“I got the alert,” he said, “and I ran out into the street. When I got to the road, the flames were already on the corner.”
Mrs. Figueroa picked up her five-year-old grandson, she said. The flames were so close that she could feel the heat as she ran. She stopped and dipped the boy, who was crying, in a pool to cool him down, she said, and then continued running upstairs to escape.
“The sky was black,” he said. “You couldn’t see anything. “Everyone was shouting, shouting instructions, moaning into the wind.”
She reached the top of the stairs and stopped to catch her breath, sobbing.
“I couldn’t believe we were alive. But we were the lucky ones,” she said. “I lost my mother-in-law, my sister-in-law. “They died calcified in the street because they could not escape the flames.”
Several blocks of Villa Independencia were decimated by fire.
In El Olivar, Castro Vázquez said residents had fled to a local plaza when the cell phone alert came.
A column of black smoke rose over a hill from a botanical garden on the other side of the hill, he said, and within minutes his community was engulfed in tall orange flames.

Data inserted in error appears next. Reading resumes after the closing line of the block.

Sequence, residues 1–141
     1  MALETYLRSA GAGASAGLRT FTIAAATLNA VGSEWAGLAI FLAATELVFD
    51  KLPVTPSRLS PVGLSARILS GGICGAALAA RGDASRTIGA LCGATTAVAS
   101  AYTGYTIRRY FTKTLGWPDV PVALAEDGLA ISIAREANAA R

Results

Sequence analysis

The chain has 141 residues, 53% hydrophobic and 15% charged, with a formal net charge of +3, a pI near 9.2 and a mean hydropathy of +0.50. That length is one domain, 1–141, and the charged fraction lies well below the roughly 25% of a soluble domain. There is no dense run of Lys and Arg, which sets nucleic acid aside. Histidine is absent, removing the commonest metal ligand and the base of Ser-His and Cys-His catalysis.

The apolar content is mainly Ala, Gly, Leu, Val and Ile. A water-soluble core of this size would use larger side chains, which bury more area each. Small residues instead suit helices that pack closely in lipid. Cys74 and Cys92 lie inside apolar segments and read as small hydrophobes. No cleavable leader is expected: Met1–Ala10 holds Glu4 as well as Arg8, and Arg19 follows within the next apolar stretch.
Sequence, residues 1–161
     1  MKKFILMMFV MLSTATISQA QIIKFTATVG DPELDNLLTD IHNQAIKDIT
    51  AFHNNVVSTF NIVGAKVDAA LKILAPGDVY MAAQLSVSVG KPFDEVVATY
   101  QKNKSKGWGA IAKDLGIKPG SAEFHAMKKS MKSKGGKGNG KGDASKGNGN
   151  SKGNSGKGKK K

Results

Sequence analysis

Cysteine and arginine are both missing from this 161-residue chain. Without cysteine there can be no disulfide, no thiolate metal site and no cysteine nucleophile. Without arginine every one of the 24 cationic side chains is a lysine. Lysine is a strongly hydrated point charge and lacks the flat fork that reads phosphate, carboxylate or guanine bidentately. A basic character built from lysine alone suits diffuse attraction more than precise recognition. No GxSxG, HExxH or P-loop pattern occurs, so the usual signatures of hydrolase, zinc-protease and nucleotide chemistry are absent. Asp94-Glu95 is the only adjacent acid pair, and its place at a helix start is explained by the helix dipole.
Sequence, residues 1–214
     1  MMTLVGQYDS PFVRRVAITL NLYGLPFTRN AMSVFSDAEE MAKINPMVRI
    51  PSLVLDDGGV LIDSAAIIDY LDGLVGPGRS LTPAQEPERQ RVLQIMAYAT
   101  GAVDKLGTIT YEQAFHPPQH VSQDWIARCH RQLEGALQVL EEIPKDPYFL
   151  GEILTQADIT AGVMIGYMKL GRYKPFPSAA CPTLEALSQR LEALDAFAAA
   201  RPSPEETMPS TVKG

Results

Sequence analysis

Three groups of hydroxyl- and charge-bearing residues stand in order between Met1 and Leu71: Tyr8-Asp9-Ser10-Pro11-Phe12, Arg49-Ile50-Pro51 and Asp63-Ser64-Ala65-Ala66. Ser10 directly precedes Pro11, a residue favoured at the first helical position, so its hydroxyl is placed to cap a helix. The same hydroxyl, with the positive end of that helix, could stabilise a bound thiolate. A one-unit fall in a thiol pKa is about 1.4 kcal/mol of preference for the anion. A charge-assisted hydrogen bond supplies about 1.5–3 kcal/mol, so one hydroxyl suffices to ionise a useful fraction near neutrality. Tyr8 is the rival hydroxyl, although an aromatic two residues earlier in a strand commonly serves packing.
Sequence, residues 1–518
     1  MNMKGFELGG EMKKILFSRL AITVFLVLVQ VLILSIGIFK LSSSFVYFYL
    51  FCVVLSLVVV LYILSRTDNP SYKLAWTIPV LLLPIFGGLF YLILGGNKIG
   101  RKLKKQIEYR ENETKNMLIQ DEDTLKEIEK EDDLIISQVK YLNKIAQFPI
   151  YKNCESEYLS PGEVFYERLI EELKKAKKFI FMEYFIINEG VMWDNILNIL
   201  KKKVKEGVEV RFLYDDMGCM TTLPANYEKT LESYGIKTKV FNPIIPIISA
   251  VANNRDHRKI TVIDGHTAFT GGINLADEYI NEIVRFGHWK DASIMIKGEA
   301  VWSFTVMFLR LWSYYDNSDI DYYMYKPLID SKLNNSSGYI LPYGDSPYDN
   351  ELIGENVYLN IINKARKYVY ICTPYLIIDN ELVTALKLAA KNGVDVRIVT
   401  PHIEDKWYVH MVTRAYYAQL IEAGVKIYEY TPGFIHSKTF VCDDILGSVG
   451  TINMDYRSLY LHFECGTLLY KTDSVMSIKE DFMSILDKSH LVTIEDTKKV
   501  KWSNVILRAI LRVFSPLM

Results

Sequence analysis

Another resident, Andrés Calderón, 40, said that several people in the neighborhood had not wanted to leave their homes for fear of being robbed by thieves.
When he received the alert, Calderon said he got into his car and drove through smoke so thick he had to turn on his headlights.
“It was like entering hell,” Calderón said. “I couldn’t see, the wind made the car almost go off the road. “I kept driving.”
On Sunday, the area, which was a mix of decades-old public housing and makeshift homes, was reduced to rubble. The sides of the road were covered in sheets of corrugated metal and piles of debris, all blackened and smelling of smoke.